The sheep had not gone in. There they were – little brown moving lumps still just visible. I was still in my work clothes, with my purse, mail and coffee cup in my hands. But I have a skilled sheep dog. I walked over and let Zeke off the run, with the instruction that we were, “going to work.” That’s his cue to behave and listen. He also knows that usually means sheep. He headed to the back hillside and I headed out to the middle of the Ram Pasture to supervise and direct. All was going well. Zeke went around the sheep and turned them into the gate like a pro. He stopped and guarded that gate just like I asked him to. Then I jinxed it. I thought, “This is neat.” Never, ever think something positive before the task is done. It’s almost as bad as saying it out loud.
Everything looked good. The sheep had made the corner through the next gate and were headed to the barn. I sent Zeke to guard the barn door. Then I saw it. A lamb had missed the second gate and was on the wrong side of the fence. He knew he wanted to be in the barn, but lambs are not exactly critical thinkers, and all he could seem to do was hit that fence trying to get through. I heaved a sigh, told Zeke to “guard” and set down my stuff (yes, it was still in my hands). Now, work clothes consist of stacked-heel boots that are not terribly high, but not exactly working boots either, slacks, and a nice sweater. Not what you would call practical for catching a lamb. But, I didn’t want to go back inside and chance that he would wander away. I really thought I could guide him back alongside the fence to the gate to where he could get into the barn. That was the plan.
The first step was to get Zeke out of the way, so I called him to me. Remember that he loves babies. He detoured to see if he could greet the lamb through the fence. The lamb was not impressed and bolted – back to the corner where he had started. I thought for a minute that his head was stuck in the fence. That would have worked for me. I could have caught him and lifted him over the fence. I was down to the creek and considering my crossing. He got free. And bolted. At some point in there I got Zeke to the middle of the pasture and laid down. That lamb ran right in front of him and out to the back corner of the pasture behind the hillside and tried to get through that fence too.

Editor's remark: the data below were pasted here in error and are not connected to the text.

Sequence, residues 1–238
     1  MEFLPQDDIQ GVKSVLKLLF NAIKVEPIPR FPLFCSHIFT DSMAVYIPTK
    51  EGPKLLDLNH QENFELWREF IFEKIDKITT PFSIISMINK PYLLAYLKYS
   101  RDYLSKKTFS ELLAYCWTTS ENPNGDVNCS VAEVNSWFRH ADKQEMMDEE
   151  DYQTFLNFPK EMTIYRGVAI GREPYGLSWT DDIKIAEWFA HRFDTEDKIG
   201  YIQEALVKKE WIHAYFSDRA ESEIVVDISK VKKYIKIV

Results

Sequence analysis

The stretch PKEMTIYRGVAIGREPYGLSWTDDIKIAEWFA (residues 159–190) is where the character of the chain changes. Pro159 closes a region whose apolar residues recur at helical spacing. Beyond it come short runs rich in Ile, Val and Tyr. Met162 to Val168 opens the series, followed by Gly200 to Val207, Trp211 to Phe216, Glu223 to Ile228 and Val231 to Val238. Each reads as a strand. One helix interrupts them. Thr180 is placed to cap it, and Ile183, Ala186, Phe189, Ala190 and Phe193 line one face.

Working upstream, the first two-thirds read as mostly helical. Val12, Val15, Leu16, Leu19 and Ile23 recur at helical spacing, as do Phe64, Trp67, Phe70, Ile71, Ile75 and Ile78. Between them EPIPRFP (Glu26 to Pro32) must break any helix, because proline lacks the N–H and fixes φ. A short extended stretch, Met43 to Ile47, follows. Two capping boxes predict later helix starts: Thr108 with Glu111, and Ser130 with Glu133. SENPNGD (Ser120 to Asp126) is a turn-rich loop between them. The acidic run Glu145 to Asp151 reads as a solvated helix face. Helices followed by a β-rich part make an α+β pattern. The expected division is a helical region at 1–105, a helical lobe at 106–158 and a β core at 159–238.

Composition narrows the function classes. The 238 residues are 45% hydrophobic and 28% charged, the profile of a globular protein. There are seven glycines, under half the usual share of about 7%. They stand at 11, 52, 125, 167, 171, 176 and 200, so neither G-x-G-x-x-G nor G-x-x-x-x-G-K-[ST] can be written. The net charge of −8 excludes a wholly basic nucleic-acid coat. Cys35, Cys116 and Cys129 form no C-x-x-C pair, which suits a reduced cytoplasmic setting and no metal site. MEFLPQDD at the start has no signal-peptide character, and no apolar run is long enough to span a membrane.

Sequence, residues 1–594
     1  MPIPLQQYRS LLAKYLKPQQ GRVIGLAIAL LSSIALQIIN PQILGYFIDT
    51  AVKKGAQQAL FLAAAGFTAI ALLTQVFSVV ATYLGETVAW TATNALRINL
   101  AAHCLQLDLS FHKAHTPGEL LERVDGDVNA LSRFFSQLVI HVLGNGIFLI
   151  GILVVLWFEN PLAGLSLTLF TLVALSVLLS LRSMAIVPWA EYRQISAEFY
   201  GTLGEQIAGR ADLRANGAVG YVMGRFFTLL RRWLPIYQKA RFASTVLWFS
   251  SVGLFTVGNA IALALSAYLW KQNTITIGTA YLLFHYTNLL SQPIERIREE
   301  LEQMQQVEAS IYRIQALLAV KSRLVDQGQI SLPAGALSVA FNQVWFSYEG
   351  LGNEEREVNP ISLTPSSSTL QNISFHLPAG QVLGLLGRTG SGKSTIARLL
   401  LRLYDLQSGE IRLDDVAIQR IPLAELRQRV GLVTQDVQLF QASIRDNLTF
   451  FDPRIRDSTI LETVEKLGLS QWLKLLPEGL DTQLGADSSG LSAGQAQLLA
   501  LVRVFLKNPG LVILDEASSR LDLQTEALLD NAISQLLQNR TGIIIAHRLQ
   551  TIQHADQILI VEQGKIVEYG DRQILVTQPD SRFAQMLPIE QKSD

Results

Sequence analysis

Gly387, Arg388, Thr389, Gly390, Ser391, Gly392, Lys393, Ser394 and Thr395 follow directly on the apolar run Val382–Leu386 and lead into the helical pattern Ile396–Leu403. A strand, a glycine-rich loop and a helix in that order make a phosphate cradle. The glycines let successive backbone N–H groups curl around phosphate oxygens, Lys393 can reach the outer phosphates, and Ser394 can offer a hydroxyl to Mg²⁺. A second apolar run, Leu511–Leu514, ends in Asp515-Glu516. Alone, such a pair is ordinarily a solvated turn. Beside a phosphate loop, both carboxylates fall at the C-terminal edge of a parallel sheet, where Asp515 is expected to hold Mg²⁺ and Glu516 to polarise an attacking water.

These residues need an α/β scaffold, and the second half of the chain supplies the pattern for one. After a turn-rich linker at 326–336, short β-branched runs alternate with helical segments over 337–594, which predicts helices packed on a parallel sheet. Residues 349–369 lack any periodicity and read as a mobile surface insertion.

I could see the writing on the wall. We leave that back gate open because we don’t usually need to close it. The sheep are in the barn, after all. I should have closed the gate. Really, that’s what I should have done. But I have Zeke. He’s as good as a gate and easier to move. I put him in the gate with the “guard” instruction. That means don’t let the sheep past. I walk down toward the lamb to push him back towards the barn. All looks good. He responds to my presence and moves out of the corner and down the path then he turns sharply left, gives takes three steps and makes a running leap – right over Zeke’s nose and out onto the completely open back hillside. By this time, it’s full dusk and the fog is starting to set in. The lamb is exactly the color of a rock, and isn’t making any noise at all. I give up. I head inside to change into more suitable clothing and get a flashlight.
While I’m doing that, I’m secretly hoping mama will figure out she’s missing a baby and come get him while I was gone. When I came back out, it was immediately clear that hope was not to be realized. I heard a bleat out on the back hillside.
There is a tried a true technique when you can’t get a separated single to go back to the herd. Instead of trying to take the one to the many, it’s often easier to take the many to the one. So Zeke and I went into the barn to run the sheep out. We went in and to the back of the barn. Usually the sheep run right out when we do that. Of course that’s not usually right after we’ve run them in to feed. They went towards the door. And stopped. Really, you’d have thought their was a fence across the alley. They would not go any farther. They just turned and looked at me. It was back to plan A.
Zeke and I went out to the hillside. The lamb was starting to get tired, and mom was now at least looking out the door and calling. He knew where he needed to be. This time it worked. Zeke and I were able to guide the lamb along the fence line and into the gate. He just kept following the flashlight that I aimed in front of him. Thank heavens he was making noise at this point, or I’d have never found him. And yes, I closed the gates behind him as he went through.
90 minutes later I have finally finished the 20 minute job of feeding. It’s leftovers for dinner.